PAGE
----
A Thanksgiving Dinner

November 25th, 2014

“[God] prepares a banquet for me . . and fills my cup to the brim.” Psalm 23:5 TEV.

In no situation is God unwilling or unable to provide abundantly.

My thoughts and comments today are about “a thanksgiving dinner.”

I love this time of year. Autumn brings a change of season introducing Thanksgiving Day and leading to the joy-filled celebration of our Savior on Christmas Day. Thanksgiving Day is celebrated with family traditions and traditional foods – roast turkey and dressing, cranberry sauce, giblet gravy, mashed potatoes, green bean casserole, candied yams, warm dinner rolls, and of course, pecan and pumpkin pie, all enjoyed at a seasonally decorated and well-appointed table. But first, each family expresses thankfulness to God for His provision and for one another.

David, the Psalmist, enjoyed “a thanksgiving dinner” of sorts, which he describes in the most familiar and beloved of his psalms, Psalm 23. Giving thanks to God, David wrote, “You prepare a banquet for me . .  You welcome me as an honored guest and fill my cup to the brim.” Psalm 23:5 TEV. In unexpected times and places, God prepares and provides for him. David dines with a heart of thanksgiving for the ample provision of God in every situation and circumstance. In no situation is God unwilling or unable to provide abundantly. Our God “. . is able to do immeasurably more than all we ask or imagine, according to His power that is at work within us.” Ephesians 3:20 NIV.

From the life of Elijah, let me share three examples of “a thanksgiving dinner.” In a severe drought and resulting famine, God sent Elijah where He alone could provide for him. Read 1 Kings 17:1- 7 NKJV. “Hide by the Brook Cherith . . you shall drink from the brook, and I have commanded ravens to feed you there.” God provided “a banquet” by natural means delivered in unexplainable ways; scavenger birds brought bread and meat morning and evening. Unusual circumstances don’t matter, when God “prepares a banquet . . and welcomes you as an honored guest.”

In a worsening drought for three years, God redirects Elijah to a widow in Zarephath. Read 1 Kings 17:8-16. Her meager resources exhausted by the famine, she shared with Elijah what little remained, which was then miraculously replenished daily as long as the drought endured. I believe Elijah gave thanks. God provided “a banquet” by a miraculous multiplication of her meager resource. Insufficient resources are irrelevant, when God “prepares a banquet . . and welcomes you as an honored guest.”

And lastly, from an angry queen seeking his death, Elijah “arose and ran for his life.” Read 1 Kings 19:1-8. Running scared and disheartened, Elijah collapses in exhausted sleep until awakened by an angel with fresh bread and water prepared, and “Elijah went in the strength of that food forty days and nights, as far as the mountain of God.” God provided “a banquet” by supernatural provision in desperate circumstances. Debilitating fear and despair disappear, when God “prepares a banquet . . and welcomes you as an honored guest.”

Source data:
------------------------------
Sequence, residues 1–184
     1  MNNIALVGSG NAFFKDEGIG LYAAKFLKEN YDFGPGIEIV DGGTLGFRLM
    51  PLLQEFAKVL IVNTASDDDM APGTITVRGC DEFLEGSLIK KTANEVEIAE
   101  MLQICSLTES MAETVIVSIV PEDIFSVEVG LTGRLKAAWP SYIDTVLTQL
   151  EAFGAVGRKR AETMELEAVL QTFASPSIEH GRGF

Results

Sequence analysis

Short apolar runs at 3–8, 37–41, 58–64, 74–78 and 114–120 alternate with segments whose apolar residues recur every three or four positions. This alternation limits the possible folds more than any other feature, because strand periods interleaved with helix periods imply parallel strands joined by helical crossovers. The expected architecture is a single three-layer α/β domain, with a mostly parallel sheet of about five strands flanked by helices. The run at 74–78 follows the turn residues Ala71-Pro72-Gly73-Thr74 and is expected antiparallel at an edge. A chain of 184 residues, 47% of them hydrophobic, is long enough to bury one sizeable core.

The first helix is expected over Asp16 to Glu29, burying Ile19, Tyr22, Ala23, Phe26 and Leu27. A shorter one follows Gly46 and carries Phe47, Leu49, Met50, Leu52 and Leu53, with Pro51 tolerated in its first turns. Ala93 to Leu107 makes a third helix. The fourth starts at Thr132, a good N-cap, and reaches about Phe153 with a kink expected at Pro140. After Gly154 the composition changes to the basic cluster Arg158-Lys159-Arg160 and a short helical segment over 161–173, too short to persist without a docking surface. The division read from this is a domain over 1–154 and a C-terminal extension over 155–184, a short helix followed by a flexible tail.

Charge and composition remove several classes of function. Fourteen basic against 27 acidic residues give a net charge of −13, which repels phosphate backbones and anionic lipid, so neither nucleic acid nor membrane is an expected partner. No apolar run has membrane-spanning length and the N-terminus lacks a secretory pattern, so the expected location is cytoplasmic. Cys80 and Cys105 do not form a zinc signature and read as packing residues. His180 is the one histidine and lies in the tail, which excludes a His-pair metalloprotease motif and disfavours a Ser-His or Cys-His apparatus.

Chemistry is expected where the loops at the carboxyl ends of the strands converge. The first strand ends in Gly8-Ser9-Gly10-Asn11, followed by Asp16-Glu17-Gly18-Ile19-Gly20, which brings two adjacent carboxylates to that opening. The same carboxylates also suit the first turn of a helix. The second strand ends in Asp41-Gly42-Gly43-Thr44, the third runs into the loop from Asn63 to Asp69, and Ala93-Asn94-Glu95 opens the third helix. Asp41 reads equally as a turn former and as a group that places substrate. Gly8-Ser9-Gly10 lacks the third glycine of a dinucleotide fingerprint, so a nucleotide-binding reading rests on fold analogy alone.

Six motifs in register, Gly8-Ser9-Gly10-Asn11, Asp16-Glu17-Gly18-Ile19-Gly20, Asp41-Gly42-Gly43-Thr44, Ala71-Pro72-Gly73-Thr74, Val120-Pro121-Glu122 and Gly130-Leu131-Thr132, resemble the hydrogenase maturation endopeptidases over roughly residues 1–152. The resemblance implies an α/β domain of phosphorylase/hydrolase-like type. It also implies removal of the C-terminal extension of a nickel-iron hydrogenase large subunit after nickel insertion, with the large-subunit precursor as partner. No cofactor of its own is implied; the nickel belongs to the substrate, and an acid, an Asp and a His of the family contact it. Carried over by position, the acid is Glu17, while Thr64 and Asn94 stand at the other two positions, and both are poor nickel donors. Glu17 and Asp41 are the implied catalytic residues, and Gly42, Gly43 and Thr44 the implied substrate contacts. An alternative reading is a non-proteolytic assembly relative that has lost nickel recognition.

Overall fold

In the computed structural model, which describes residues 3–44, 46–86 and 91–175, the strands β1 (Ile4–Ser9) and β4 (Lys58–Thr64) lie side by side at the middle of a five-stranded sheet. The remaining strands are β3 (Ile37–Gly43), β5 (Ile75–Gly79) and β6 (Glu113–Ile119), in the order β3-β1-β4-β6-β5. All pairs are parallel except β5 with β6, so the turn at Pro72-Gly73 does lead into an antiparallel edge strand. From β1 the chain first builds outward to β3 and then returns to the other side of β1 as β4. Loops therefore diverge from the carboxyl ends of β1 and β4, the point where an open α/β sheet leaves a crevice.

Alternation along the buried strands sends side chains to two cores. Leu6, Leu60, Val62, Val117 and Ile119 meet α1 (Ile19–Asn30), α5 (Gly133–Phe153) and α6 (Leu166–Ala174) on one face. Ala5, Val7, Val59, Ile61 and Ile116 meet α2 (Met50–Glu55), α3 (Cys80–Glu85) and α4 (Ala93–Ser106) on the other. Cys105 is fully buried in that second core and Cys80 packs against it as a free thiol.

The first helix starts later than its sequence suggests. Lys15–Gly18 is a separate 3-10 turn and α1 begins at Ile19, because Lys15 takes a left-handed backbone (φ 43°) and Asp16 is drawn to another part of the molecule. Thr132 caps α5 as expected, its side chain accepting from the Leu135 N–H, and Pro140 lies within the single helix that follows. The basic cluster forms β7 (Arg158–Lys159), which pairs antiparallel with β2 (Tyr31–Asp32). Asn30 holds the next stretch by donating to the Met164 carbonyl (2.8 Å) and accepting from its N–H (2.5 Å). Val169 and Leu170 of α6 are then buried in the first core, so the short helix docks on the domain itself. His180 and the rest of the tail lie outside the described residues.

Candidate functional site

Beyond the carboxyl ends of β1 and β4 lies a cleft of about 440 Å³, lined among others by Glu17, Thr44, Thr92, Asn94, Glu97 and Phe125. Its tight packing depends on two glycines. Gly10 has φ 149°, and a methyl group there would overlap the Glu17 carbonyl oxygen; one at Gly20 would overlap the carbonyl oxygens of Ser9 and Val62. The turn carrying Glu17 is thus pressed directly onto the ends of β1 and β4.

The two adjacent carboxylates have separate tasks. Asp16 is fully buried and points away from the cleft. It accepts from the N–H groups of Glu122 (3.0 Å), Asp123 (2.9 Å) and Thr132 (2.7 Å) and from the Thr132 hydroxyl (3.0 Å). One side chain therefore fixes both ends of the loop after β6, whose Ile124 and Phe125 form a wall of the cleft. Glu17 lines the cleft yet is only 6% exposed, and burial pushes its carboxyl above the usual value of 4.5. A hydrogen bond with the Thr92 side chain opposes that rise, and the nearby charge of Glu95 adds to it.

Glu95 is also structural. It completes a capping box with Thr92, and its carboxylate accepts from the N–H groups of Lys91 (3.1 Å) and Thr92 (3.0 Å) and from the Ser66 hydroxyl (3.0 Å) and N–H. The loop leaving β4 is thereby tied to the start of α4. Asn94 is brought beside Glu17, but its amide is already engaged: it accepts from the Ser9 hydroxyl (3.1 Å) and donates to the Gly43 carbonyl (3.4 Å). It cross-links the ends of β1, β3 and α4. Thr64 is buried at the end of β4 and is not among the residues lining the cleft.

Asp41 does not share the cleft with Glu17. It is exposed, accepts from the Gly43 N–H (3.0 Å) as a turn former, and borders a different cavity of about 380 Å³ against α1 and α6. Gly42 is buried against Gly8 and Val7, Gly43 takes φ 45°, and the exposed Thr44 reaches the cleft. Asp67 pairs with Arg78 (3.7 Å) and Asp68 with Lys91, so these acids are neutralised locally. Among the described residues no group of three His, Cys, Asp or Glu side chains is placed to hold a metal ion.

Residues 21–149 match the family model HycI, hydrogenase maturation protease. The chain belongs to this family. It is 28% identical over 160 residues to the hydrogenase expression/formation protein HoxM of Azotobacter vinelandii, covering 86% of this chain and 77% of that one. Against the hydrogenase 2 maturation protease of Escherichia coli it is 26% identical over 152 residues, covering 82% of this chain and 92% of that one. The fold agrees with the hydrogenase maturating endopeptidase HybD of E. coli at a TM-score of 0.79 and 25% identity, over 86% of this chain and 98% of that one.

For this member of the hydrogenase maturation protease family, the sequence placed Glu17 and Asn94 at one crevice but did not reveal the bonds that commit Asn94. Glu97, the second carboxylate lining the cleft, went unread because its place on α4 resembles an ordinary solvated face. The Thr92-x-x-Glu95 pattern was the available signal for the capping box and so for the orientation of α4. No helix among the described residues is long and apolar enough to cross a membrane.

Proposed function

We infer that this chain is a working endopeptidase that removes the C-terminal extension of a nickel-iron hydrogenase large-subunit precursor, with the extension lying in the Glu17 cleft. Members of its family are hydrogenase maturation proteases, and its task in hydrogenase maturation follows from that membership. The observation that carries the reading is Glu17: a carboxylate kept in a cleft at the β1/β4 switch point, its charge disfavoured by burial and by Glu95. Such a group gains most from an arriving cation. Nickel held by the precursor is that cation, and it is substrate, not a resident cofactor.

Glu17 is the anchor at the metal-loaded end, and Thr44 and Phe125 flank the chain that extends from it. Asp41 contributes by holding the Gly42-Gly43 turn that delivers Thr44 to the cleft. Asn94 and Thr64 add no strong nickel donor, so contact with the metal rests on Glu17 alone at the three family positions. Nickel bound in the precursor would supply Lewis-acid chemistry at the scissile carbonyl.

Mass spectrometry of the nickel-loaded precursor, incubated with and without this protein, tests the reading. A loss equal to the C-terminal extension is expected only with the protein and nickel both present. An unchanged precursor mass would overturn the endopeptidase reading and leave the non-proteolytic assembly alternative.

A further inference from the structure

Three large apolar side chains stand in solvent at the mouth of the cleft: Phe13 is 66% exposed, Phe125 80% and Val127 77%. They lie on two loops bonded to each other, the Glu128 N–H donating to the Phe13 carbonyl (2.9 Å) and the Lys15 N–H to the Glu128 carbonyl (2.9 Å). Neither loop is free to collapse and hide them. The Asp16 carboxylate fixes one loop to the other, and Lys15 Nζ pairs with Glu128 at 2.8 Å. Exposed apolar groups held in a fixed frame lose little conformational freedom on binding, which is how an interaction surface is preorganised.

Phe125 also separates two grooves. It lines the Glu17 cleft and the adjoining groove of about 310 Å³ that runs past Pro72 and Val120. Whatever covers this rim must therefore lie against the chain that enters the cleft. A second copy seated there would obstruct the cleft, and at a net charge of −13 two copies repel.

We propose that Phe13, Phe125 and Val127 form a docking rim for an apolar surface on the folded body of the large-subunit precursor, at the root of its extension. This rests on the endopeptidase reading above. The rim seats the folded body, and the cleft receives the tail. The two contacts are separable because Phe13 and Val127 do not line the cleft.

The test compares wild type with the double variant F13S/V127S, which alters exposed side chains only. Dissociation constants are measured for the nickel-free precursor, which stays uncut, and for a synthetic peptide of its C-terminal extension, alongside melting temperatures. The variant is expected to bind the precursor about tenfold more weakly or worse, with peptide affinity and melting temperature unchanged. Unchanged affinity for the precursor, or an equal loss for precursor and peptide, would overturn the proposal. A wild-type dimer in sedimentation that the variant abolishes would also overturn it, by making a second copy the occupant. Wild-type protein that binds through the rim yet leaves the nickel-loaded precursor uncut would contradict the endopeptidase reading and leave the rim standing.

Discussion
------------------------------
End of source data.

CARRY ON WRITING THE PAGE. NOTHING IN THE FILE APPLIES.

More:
With the Psalmist, I have found this true, “I was young and now I am old, yet I have never seen the righteous forsaken or their children begging bread.” Psalm 37:23-26 NIV. At this Thanksgiving season, I am grateful that Jesus taught us to pray, “Give us this day our daily bread” - a prayer He never fails to hear. Whatever the challenge or need of your present situation, you have ample reason to trust God and give Him thanks for His faithful and sufficient provision, today and always.

Today, my prayer for you is that you find reason every day for thanksgiving to God.

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Righteous and Gracious

November 20th, 2014

“The Lord is righteous in all His ways, gracious in all His works.” Psalm 145:17 NKJV.

Life is not always fair but God will always be righteous.

My thoughts and comments today are about being “righteous and gracious.”

Children seem to possess a heightened sense of what’s fair or unfair. They have not yet learned that some circumstances and some people are neither righteous nor gracious. It is assumed that if you do what is right all will be well, but that is not accurate. As a pastor and counselor, I have heard many people say, “Life’s not fair!” Of course it’s not; get over it. Life is not always fair but God will always be righteous. “For God is not unfair. He will not forget how hard you have worked for Him and how you have shown your love to Him by caring for other Christians.” Hebrews 6:10 NLT.

Jesus is your example when life seems unfair. “It is commendable if a man bears up under the pain of unjust suffering . . if you suffer for doing good and you endure it, this is commendable before God. To this you were called, because Christ suffered for you, leaving you an example that you should follow in His steps. ‘He committed no sin, and no deceit was found in his mouth.’ When they hurled insults at Him, He did not retaliate; when He suffered, He made no threats. Instead, He entrusted Himself to Him who judges justly.” 1 Peter 2:19-24 NIV. “It is better, if it is God’s will, to suffer for doing good than for doing evil.” Read 1 Peter 3:14-18 NIV.

On occasion, suffering is the natural result of what you have done or left undone. At other times, suffering is not related to your decisions or actions. Asking, “Why,” is seldom productive. I think there is much to be learned from the experience and examples of Daniel’s companions, Shadrach, Meshach, and Abednego. Read Daniel 3:1-30 NIV. They obeyed God; they did what was right; yet they suffered unjustly; but God was with them from beginning to end.

(1) Good people are not exempt from trouble. Truth takes the confusion out of trouble and unfair circumstances. David declared God to be righteous and gracious, “The Lord is righteous in all His ways, gracious in all His works.” Psalm 145:17 NKJV. Life is not always fair but God is always gracious.